A model for stresses, crack generation and fracture toughness calculation in scratched TiN-coated steel surfaces

Kenneth Holmberg (Corresponding Author), Anssi Laukkanen, Helena Ronkainen, Kim Wallin, Simo Varjus

Research output: Contribution to journalArticleScientificpeer-review

151 Citations (Scopus)

Abstract

The contact situation in a scratch tester, when a spherical rigid diamond tip is sliding with an increasing load over an elastic–plastic steel plate deposited with a 2 μm thick hard ceramic TiN coating is analysed. A three-dimensional finite element model (FEM) for describing the elastic and plastic behaviour and for calculating the stresses and strains has been developed. It shows that the maximum first principal tensile stress is generated in the tail part of the contact area. With increasing load a tetra-armed star shaped stress-field is generated around the contact. After about 1 mm of sliding a peak area of maximum first principal stress is formed in the back-tail region at the border of the scratch groove, creating the first visible angular cracks in the coating. This is in agreement with empirical observations. Once substantial plastic deformation of the substrate has occurred, the maximum tensile stresses are located behind the contact at a distance of 0.5–1 times the contact length from the back edge of the contact. These stresses have a horseshoe shaped ridge of maximum values with an opening in the sliding direction. The change of the state of deformation from sliding over the coating (sliding mode) to deforming the substrate plastically (ploughing mode) characterises the loss of load carrying capacity of the coated surface system. The model is used for calculating the fracture toughness of the coating. The critical fracture toughness is equal to the tensile stress times the square root of half of the crack spacing (Kc=ab/2) when the crack spacing is smaller than the crack length. For determining the fracture toughness of a 2 μm thick TiN coating on steel substrate a suitable crack field turned out to be the transversal tensile cracks in the scratched groove. For the studied case, the fracture toughness of the TiN coating was measured to be Kc=7 MPa m0.5.
Original languageEnglish
Pages (from-to)278-291
Number of pages4
JournalWear
Volume254
Issue number3-4
DOIs
Publication statusPublished - 2003
MoE publication typeA1 Journal article-refereed

Fingerprint

Steel
toughness
fracture strength
Fracture toughness
cracks
sliding
steels
Cracks
coatings
Coatings
tensile stress
Tensile stress
grooves
Substrates
spacing
plowing
Electric load loss
load carrying capacity
Hard coatings
ceramic coatings

Keywords

  • surface engineering
  • coatings
  • stress modelling
  • fracture
  • scratch test
  • fracture toughness
  • ProperTune

Cite this

@article{81724062a2d04ed5882d54fea519376e,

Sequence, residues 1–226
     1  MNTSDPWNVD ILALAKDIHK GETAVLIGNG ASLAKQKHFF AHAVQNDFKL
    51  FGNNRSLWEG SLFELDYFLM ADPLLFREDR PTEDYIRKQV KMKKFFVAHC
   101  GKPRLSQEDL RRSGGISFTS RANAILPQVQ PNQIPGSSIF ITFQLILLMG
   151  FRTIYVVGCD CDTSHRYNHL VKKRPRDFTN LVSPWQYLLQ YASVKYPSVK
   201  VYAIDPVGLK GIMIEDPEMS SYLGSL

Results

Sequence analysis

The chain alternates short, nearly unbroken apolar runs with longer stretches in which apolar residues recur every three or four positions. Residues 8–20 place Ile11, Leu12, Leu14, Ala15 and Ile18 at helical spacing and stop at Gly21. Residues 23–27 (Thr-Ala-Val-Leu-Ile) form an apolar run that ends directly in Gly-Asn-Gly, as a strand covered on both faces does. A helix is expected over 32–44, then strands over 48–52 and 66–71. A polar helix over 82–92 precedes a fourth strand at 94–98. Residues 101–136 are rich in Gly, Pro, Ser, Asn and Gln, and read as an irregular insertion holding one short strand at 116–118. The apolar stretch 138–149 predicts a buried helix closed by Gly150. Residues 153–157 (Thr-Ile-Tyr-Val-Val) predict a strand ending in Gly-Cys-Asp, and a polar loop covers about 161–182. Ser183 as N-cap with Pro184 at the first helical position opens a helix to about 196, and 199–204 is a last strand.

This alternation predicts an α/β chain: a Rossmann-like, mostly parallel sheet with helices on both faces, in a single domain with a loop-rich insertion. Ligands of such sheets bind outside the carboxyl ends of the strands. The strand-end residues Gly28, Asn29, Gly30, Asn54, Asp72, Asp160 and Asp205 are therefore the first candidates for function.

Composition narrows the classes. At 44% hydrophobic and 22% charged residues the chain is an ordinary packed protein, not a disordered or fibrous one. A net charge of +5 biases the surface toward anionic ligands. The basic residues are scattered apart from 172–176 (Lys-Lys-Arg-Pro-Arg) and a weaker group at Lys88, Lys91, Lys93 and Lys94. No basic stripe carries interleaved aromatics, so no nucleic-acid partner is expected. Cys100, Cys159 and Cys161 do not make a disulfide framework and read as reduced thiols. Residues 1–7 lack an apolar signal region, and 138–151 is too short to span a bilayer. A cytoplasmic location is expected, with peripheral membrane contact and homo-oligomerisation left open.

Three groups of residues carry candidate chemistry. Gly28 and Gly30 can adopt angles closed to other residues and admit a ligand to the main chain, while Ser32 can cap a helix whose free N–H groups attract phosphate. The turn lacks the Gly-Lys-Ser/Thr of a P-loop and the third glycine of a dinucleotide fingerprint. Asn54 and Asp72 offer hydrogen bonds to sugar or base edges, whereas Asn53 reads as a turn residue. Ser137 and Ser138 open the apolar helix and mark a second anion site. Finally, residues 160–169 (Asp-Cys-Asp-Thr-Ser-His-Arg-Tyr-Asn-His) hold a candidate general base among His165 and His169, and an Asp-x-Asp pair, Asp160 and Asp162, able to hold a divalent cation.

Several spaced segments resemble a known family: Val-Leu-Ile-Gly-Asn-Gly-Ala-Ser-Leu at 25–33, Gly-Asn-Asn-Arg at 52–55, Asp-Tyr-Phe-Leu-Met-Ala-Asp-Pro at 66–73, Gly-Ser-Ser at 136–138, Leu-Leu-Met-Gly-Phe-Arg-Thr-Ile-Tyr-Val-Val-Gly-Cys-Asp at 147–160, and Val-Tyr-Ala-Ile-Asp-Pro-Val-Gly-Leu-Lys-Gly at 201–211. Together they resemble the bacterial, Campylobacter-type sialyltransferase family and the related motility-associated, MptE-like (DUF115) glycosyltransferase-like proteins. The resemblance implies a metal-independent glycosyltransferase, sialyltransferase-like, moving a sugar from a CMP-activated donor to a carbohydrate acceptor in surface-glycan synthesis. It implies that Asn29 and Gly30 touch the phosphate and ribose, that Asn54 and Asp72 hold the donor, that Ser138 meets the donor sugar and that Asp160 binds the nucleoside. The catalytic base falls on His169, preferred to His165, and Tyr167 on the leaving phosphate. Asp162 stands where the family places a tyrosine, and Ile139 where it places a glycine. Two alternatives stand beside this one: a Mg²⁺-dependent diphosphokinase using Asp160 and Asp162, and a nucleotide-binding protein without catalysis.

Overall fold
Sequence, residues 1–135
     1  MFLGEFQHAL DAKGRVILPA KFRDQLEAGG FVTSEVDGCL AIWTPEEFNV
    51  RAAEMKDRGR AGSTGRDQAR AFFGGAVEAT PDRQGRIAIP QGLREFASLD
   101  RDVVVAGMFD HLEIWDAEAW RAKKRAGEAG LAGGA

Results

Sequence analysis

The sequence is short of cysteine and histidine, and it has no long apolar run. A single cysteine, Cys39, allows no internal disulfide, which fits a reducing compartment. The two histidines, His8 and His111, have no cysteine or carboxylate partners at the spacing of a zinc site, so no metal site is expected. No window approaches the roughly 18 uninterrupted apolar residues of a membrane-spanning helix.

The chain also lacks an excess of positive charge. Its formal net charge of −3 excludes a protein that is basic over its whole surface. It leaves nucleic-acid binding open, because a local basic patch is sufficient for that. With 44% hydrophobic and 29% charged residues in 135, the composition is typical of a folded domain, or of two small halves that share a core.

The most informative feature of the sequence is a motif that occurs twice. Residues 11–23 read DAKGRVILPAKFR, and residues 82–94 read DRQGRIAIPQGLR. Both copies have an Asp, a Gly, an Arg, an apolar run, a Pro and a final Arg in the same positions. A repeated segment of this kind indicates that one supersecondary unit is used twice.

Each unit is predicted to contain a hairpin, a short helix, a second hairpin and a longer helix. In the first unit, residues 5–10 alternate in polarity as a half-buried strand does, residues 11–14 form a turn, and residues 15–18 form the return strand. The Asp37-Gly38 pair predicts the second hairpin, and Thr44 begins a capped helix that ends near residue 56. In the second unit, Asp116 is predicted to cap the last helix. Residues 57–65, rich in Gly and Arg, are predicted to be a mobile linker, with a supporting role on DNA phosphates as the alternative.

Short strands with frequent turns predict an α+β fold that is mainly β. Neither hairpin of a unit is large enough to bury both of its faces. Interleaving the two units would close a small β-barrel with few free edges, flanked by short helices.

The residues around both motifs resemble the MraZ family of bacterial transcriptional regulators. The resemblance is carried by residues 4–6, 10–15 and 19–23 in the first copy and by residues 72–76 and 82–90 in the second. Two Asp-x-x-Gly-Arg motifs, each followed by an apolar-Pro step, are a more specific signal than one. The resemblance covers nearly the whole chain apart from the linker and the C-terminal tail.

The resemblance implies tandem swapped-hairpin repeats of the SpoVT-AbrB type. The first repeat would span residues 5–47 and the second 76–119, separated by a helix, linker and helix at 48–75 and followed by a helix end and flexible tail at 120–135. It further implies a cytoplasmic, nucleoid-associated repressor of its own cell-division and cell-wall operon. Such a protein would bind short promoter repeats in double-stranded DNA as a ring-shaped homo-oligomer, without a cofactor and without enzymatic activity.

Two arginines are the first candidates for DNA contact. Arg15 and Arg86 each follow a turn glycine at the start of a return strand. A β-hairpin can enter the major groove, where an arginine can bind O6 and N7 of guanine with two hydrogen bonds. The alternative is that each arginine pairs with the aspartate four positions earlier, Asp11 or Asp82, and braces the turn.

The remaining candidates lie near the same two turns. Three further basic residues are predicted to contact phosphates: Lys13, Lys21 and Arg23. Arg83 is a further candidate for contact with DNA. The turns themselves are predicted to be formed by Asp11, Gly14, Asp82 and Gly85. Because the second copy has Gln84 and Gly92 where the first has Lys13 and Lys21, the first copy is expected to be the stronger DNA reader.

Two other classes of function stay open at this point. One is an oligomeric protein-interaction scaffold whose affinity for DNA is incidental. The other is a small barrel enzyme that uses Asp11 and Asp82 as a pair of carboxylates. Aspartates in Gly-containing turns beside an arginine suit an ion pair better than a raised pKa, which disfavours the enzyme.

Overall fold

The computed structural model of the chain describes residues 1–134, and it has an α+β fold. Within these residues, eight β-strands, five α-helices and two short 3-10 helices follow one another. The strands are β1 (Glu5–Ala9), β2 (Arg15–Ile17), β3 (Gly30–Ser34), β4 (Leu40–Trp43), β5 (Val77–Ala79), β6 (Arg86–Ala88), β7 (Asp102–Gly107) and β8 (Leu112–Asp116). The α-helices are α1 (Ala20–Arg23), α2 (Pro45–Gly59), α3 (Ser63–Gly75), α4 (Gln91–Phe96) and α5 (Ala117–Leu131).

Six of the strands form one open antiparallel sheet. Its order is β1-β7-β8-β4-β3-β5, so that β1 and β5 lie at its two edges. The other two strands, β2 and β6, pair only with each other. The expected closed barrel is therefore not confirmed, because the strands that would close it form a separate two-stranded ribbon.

title = "A model for stresses, crack generation and fracture toughness calculation in scratched TiN-coated steel surfaces",
abstract = "The contact situation in a scratch tester, when a spherical rigid diamond tip is sliding with an increasing load over an elastic–plastic steel plate deposited with a 2 μm thick hard ceramic TiN coating is analysed. A three-dimensional finite element model (FEM) for describing the elastic and plastic behaviour and for calculating the stresses and strains has been developed. It shows that the maximum first principal tensile stress is generated in the tail part of the contact area. With increasing load a tetra-armed star shaped stress-field is generated around the contact. After about 1 mm of sliding a peak area of maximum first principal stress is formed in the back-tail region at the border of the scratch groove, creating the first visible angular cracks in the coating. This is in agreement with empirical observations. Once substantial plastic deformation of the substrate has occurred, the maximum tensile stresses are located behind the contact at a distance of 0.5–1 times the contact length from the back edge of the contact. These stresses have a horseshoe shaped ridge of maximum values with an opening in the sliding direction. The change of the state of deformation from sliding over the coating (sliding mode) to deforming the substrate plastically (ploughing mode) characterises the loss of load carrying capacity of the coated surface system. The model is used for calculating the fracture toughness of the coating. The critical fracture toughness is equal to the tensile stress times the square root of half of the crack spacing (Kc=ab/2) when the crack spacing is smaller than the crack length. For determining the fracture toughness of a 2 μm thick TiN coating on steel substrate a suitable crack field turned out to be the transversal tensile cracks in the scratched groove. For the studied case, the fracture toughness of the TiN coating was measured to be Kc=7 MPa m0.5.",
keywords = "surface engineering, coatings, stress modelling, fracture, scratch test, fracture toughness, ProperTune",